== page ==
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Buying a home with a partner or friend – what to watch for

Buying with your partner or a group of friends could help raise a bigger deposit and get you on the housing ladder but remember you could be responsible for the full mortgage if someone defaults - read our guide to find out what to look out for

How many people can jointly own a property and what rights do they have?

  • Up to four people can jointly be registered as legal co-owners of a property
  • Joint owners have a legal right to stay in their home unless a court order rules otherwise
  • If one of the owners wants to sell the property or take a loan out against its value all of the owners have to give their consent, unless a court order rules otherwise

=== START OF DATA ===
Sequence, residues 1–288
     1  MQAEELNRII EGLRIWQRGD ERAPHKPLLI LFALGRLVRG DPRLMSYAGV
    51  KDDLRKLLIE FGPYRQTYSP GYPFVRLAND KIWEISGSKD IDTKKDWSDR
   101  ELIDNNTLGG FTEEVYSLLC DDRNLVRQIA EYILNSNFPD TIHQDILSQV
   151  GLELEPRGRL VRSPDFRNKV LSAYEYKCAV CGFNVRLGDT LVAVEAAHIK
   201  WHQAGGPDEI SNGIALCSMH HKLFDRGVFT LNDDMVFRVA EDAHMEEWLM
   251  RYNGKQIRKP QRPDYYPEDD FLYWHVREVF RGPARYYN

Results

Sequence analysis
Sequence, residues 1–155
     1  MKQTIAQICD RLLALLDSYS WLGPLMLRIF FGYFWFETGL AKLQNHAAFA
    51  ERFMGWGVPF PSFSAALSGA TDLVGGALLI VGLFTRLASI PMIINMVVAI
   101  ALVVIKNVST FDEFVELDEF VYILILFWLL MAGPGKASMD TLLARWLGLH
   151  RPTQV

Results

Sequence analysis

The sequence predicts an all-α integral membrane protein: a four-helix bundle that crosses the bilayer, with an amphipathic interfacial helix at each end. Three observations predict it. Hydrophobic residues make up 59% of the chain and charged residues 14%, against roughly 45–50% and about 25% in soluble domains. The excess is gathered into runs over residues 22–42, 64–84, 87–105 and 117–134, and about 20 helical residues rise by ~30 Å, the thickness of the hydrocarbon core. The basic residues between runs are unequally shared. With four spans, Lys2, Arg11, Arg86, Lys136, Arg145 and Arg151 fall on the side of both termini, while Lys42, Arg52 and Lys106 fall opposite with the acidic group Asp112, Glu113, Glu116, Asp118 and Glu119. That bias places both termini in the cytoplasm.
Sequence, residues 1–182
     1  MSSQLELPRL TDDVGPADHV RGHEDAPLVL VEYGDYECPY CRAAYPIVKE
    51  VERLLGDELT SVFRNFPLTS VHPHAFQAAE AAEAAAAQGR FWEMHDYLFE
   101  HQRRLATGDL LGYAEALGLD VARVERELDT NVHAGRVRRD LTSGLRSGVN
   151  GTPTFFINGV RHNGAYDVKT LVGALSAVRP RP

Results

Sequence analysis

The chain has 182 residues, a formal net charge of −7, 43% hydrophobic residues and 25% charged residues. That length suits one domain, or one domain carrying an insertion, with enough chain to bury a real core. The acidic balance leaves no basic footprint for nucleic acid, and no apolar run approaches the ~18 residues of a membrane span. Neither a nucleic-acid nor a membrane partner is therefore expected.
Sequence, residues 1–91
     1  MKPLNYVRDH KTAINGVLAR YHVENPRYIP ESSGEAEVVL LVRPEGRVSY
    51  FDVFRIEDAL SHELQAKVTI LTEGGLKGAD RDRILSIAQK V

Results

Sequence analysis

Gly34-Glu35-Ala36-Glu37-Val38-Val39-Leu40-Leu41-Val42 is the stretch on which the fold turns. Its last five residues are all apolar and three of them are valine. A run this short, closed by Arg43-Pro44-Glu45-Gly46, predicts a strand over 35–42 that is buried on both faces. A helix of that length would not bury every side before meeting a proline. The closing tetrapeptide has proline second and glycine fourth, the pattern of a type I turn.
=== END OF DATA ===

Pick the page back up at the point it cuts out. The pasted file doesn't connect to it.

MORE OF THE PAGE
What are the different options for joint ownership?

There are joint tenancies, which are favoured by married couples and people in civil partnerships. And there is tenancy in common, which is favoured by groups of friends or relatives who are buying together.

What does joint tenancy mean?

  • If one of the joint tenants dies the property immediately passes to the other owner. This means individual owners can’t pass what they consider ‘their share’ of the property to a beneficiary in their will. Unless the co-owners are married or in a civil partnership, inheritance tax may still be payable.
  • Joint tenants must act as one in the eyes of the law. So, individual tenants would not have the option of only mortgaging their share of the property, for example. All of the tenants would have to take out a joint mortgage

I’ve lived with my partner for years but we’re not married, we’re not joint tenants and only one of us owns the property – do we both have a claim on the property?